Julian Cope presents Head Heritage

Uriah Heep - Salisbury

Uriah Heep
Salisbury


Released 1970 on Mercury
Reviewed by Dog 3000, 25/01/2003ce


Recorded and released in the transitional year of 1970, Uriah Heep's second album is a unique entry in their catalog, dominated by a post-psychedelic pseudo-classical prog-ism that contrasts with the more "metalish" heaviness of their debut and subsequent albums.

Here they are either a couple years behind the times (psychedelic pop-art highbrow/lowbrow genre blending), or maybe a couple years ahead of the times (neo-classical overreach of the mid-1970s ELP/ELO/Yes/Genesis school) -- giving the whole affair the quality of sounding distinctly dated (it probably sounded dated the day it was released) yet somehow retaining a uniquely undatable sound which is what makes it kind of compelling. It's like a past vision of the future of music which never came to be.

IMHO, the truly "unsung" talents of Uriah Heep rest with singer David Byron, whose multiple-overdub falsettos and piercing shrieks put him on the short list with Freddie Mercury and Rob Halford in the opera-metal-vocalist sweepstakes. Also Mick Box, one of the most underrated heavy guitarists of the early 1970's. But unfortunately the classic Uriah Heep's musical vision was always dominated by the supremely pretentious "organist/pianist/harpsichordist/vibeist/second-guitarist/backup-vocalist/lyricist/composer/liner-note-writer" Ken Hensley.

First track on side one is "High Priestess," a galloping number which showcases the breadth of Box's guitar playing quite well: echoey slide guitars, whirling wahs, and harmonized double leads twine around the castrati choir of David Byrons to create an effect that is more trippy than heavy. According to Mr. Hensley's liner notes: "its lyrics speaks simply of the happiness which can be created by 'together' people."

Second track "The Park" is melancholy post-hippy balladry that is pleasant enough to listen to, livened up about 3/4 through by an uptempo "fake jazz" bridge that recalls mid-period Soft Machine but with the precision stop-and-start riffing of Yes or King Crimson.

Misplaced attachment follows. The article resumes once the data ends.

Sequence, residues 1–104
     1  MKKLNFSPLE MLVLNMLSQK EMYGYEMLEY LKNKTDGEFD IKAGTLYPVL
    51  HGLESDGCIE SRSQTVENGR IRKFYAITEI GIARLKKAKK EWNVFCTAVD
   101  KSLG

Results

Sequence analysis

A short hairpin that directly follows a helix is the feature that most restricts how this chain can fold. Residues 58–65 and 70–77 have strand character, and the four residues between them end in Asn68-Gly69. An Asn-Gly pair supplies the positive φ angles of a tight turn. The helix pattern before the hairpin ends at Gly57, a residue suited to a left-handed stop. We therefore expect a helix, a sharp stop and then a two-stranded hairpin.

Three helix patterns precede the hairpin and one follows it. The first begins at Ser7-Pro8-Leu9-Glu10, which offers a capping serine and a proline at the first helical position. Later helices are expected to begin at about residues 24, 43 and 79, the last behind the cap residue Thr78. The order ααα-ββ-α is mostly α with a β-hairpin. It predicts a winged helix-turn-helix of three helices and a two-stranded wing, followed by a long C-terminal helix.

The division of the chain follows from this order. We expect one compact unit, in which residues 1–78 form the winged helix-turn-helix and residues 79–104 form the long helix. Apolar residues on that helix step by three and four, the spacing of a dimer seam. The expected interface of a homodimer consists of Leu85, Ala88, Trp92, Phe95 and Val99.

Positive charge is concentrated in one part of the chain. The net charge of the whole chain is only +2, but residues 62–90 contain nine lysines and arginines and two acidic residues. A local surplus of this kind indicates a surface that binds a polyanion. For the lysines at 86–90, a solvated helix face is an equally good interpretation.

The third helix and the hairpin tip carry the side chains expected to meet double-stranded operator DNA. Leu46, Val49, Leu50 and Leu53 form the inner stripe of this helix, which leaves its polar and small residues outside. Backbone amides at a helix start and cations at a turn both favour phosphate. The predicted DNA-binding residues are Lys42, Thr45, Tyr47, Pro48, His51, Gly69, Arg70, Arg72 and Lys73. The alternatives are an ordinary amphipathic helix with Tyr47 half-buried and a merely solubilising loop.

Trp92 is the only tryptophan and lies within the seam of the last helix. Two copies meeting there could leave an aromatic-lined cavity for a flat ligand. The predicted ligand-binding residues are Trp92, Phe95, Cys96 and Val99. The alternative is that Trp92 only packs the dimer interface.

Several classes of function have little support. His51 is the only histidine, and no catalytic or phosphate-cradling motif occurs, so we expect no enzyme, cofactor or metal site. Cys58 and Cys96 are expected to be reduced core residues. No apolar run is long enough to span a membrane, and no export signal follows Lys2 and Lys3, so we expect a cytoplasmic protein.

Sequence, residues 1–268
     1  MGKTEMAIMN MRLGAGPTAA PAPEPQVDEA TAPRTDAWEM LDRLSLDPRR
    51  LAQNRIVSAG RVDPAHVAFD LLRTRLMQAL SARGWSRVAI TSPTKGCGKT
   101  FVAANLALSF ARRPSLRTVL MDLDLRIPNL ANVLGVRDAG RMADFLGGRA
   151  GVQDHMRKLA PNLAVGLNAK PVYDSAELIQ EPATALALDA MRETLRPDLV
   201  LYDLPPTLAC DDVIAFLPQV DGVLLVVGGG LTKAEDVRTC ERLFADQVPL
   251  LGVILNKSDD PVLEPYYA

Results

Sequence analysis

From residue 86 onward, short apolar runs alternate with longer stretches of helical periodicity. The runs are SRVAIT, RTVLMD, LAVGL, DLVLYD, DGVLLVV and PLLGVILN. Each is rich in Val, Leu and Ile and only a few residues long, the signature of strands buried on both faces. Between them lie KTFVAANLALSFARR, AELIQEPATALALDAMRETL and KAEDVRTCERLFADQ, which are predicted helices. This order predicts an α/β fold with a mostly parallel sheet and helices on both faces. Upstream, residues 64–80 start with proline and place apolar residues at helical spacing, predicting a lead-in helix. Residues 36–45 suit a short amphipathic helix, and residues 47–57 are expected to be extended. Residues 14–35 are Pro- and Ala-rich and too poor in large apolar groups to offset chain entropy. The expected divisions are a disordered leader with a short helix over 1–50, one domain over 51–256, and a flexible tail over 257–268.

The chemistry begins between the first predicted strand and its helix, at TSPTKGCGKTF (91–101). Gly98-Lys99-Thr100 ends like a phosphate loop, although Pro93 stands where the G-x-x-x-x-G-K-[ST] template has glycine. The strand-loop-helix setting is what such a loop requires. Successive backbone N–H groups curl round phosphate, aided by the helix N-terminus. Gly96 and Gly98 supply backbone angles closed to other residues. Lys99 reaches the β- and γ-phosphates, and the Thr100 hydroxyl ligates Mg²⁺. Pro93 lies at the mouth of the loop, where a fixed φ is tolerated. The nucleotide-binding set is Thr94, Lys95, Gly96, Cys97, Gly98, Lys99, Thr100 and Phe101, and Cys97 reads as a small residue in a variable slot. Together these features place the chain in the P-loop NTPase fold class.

Third track "Time To Live" is the only truly heavy song on the album, meaning for once Box's guitars are high enough in the mix to overpower Hensley's organ. On the riffy parts he crunches like a junior officer in the Iommi brigades, on the leads his overdriven wah wah throws off sparks. Byron's just-got-out-of-prison-now-I'm-lookin-for-revenge lyrics are the most direct on the LP, not suffering from the vague poetryisms of Hensley's words. Byron also tosses in some killer high note shrieks in the best Judas Priest tradition.

Fourth and last track on side A is "Lady In Black" which according to Hensley's liner notes "is unusually constructed using 4 acoustic guitars as the basic and a heavy vocal chant arrangement." And it's as dull as his description makes it sound. As is the first track on the B side, "Simon The Bullet Freak" which is dominated by a dull prog-blues piano and tells some obtuse parable which is apparently anti-war, or so it says in the liner notes.

Second and last track on side two is the magnum opus, "Salisbury" clocking in at 16-and-a-half minutes. According to the liner notes, "our first trip into large scale composing, complemented so excellently and unusually by John Fiddy's arrrangements for brass and woodwind. There are floods of spaced out sound and then almost baroque movements . . . the opening vocal leads into the organ solo driven hard by Paul's bass and the orchestra grooving incredibly!" There are also seemingly endless Mick Box wah guitar solos accompanied by said grooving orchestra, occasional echoey high-register wails from David for punctuation, and several lyrical orchestral passages which seem to be directly lifted from Miles Davis' "Sketches of Spain" album (compare the opening riff of "Salisbury" to the opening riff of "Concierto de Aranjuez".) But on the whole it all adds up to a quite listenable bit of "concierto for group and orchestra" conceited pretention.

When listening to the title track of this album I often think of Lester Bang's made-up review for a nonexistant Count Five opus: "Schizophrenic Rainbows: A Raga Concierto -- prententious, overarranged, overproduced, verbose, egotistical and gauche, but beautiful nonetheless -- the glockenspiel player was wailing his ass off for 27 minutes."

The US version also features a fantastically ugly charcoal sketch of some sort of emergent man-machine-thing on the front cover (in gross-looking rusted oxblood red no less), and on the back there are some groovy geometric interlocking hand/ball forms (too bad they're just black and white pen drawings -- I guess they blew the whole production budget on hiring the orchestra.)

NOTE: the original UK release of this album has "Bird of Prey" as the first track on side 1 (a great track which had already appeared on their first self-titled US LP), and has "High Priestess" in place of "Simon the Bulletfreak" (a non-LP B-side in the UK.) On the whole, that switcheroo probably makes the UK version better than the US -- though I don't get why there's a tank on the cover of the UK version.


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